Attending the Hannover Messe 2016 manufacturing trade fair in Germany gave me hope that humanity can be innovative enough in its energy use that we don’t overheat our planet with carbon emissions. Indeed, unlike most trade fairs or conferences, there was excitement for a low-carbon economy.
I was particularly impressed by Germany’s leadership, which is richly deserved. While most countries were denying climate change was a reality, Germany stepped beyond that by boldly declaring in 2012 that it would be 100% renewable energy by 2020.
Germany had seen the Fukushima nuclear disaster, and saw its own vulnerability. Germany’s leaders had come to the conclusion it could not afford a similar disaster, nor could it justify the future cost of indefinitely storing radioactive nuclear waste.
I was at the World Wind Energy Conference in Bonn when this announcement was made, and even renewable energy advocates found this to be an astounding announcement. It was a historic moment!
What made Germany’s commitment to 100% renewable energy more than a pipe dream is that it has a holistic view for this transition. By using wind farms as the thin edge of the wedge to modernize its electrification infrastructure to a smart grid, Germany also declared it would transform its entire energy infrastructure to meet its energy needs for the 21st century.
This means that, in addition to electricity, the energy infrastructure includes heating, water, and storage. They know about 75% of energy is currently wasted. They saw an opportunity to do things better, encourage energy conservation, and create new
middle-class jobs. They also saw this as an opportunity to reduce their energy vulnerability from climatic, political, and mechanical causes.
At Hannover Messe innovations were introduced, such as Integrated Energy (this covers the complete supply chain in the energy industry from generation, transmission, distribution, and storage to alternative mobility solutions), the Digital Factory (convergence of the internet on businesses), and Energy (energy efficiency, renewable energy, electric vehicles, and approaches that realize savings across the entire company). Although these are geared towards manufacturing companies, they can apply to all companies.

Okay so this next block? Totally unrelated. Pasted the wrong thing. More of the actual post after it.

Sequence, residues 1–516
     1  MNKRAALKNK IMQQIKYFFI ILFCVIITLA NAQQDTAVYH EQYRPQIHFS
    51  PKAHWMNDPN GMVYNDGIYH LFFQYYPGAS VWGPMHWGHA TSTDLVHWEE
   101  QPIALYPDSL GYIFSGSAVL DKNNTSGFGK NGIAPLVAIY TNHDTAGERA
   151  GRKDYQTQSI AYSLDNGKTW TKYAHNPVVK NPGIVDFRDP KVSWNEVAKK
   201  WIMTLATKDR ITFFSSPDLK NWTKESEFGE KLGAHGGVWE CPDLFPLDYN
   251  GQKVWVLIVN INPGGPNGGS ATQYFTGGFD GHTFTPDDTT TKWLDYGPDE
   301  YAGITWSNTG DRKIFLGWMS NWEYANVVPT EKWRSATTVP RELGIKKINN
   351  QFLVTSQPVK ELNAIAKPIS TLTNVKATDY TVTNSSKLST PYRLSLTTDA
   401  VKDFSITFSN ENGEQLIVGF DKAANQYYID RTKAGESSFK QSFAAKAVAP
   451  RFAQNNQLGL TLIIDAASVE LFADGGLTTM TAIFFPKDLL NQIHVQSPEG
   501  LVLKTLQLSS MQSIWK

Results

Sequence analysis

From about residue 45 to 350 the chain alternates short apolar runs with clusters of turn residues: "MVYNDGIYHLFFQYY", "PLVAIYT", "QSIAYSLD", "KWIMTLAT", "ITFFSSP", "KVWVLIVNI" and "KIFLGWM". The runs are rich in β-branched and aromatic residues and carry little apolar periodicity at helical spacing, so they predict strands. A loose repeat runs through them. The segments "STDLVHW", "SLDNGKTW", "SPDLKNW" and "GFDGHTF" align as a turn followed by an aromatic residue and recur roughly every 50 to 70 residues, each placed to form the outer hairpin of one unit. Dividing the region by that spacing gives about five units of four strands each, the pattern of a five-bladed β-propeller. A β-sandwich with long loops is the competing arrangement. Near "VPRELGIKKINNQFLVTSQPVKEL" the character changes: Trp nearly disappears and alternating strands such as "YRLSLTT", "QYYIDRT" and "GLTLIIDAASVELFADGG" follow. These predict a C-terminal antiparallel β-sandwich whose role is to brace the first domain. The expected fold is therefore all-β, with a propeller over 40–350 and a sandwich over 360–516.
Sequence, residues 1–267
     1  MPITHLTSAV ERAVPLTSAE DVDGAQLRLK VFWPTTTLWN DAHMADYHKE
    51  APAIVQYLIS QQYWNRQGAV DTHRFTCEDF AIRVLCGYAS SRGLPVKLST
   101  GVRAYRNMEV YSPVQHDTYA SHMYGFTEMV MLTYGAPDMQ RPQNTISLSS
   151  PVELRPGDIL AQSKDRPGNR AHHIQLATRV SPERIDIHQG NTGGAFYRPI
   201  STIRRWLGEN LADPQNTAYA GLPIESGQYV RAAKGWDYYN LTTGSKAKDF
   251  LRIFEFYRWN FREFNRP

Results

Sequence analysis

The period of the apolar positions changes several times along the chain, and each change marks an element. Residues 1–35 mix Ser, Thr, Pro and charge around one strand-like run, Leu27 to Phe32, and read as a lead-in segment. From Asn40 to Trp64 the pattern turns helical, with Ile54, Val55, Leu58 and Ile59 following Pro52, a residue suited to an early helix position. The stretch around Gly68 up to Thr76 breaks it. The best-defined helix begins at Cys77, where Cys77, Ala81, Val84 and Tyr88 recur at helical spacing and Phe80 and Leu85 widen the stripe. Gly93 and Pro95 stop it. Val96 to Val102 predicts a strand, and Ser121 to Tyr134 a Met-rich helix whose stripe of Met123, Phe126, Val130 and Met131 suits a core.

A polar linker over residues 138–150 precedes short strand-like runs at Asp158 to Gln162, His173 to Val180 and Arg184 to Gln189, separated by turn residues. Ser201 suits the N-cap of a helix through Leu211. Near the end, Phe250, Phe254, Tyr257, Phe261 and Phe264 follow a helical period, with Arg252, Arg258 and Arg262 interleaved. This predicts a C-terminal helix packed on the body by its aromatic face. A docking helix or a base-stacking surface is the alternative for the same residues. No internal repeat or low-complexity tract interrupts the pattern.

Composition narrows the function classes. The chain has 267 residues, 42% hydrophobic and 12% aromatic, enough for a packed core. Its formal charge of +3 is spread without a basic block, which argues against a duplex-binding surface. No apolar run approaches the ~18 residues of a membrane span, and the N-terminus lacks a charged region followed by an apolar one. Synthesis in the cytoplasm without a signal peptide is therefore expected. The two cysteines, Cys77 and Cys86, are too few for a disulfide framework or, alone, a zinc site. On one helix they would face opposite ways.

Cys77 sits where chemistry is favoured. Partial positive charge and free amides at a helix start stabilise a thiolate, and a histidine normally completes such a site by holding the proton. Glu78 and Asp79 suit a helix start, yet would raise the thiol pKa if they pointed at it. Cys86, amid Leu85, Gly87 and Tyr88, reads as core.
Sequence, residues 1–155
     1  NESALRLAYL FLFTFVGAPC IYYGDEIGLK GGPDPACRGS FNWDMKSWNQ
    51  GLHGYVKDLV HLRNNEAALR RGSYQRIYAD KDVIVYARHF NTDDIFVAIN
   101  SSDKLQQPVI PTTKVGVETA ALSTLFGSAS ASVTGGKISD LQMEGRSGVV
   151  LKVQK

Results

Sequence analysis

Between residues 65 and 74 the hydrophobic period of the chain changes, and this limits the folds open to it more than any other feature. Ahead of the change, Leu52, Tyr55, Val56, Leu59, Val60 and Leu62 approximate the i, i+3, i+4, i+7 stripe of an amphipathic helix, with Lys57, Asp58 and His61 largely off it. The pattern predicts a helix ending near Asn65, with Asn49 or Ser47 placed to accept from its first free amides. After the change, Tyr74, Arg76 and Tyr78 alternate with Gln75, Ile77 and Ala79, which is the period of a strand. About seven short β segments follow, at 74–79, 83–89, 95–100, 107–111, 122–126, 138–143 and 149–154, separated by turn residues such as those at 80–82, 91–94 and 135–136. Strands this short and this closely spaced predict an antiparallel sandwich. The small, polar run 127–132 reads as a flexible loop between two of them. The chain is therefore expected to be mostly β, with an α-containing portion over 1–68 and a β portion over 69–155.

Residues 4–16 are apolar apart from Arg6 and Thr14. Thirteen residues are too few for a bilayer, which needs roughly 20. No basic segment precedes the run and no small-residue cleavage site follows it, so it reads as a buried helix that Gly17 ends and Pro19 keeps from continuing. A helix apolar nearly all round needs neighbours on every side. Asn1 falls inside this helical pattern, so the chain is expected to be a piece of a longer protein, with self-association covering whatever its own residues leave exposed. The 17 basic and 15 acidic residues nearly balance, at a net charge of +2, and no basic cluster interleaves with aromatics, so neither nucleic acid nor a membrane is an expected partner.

Germany is clearly the leader in the new low-carbon world judging from the type of companies that were at Hannover Messe, particularly with a strong U.S. presence. The attendance of President Obama and Chancellor Merkel signals the political commitment to innovation in the low-carbon economy.
I also noted Germany’s implementation of higher prices, which ensures the success of its energy policies to keep demand low. This is part of Germany’s holistic approach in the adoption of an energy conservation culture; energy conservation is the cheapest solution since the energy is not spent in the first place.
For example, Germany has a tax on fuel in addition to requiring a higher minimum grade of fuel (98 instead of 87). At 1.24 to 1.48 euros per liter (US$1.66 or CAD$2.15), a fill-up is expensive even for fuel efficient vehicles. In addition, car owners are taxed yearly based on the size of their engines. As a result, there are fewer cars on the road, and they are newer. This is why the two-lane autobahns are in good condition and not crowded. There are no speed limits, except in construction zones, so cars exceed 200km. Government expenditures on road infrastructure are manageable.
In terms of jobs, the wind turbine manufacturers were present at Hannover Messe, and are big employers that are growing significantly as their products are becoming mainstream.
What I saw at Hannover Messe is that innovations are providing the solutions. The sooner we adopt these innovations, the sooner we will have a low-carbon economy. This is good for all of us, including the planet.
FirstCarbon Solutions (FCS) advances sustainability practices and helps organizations reduce costs, while optimizing resource use. With industry expertise in providing Energy Management solutions, FCS helps global organizations reduce carbon footprints and mitigate the impacts of global climate change. To learn more about the possibility of a low-carbon future, read this FCS Blog article.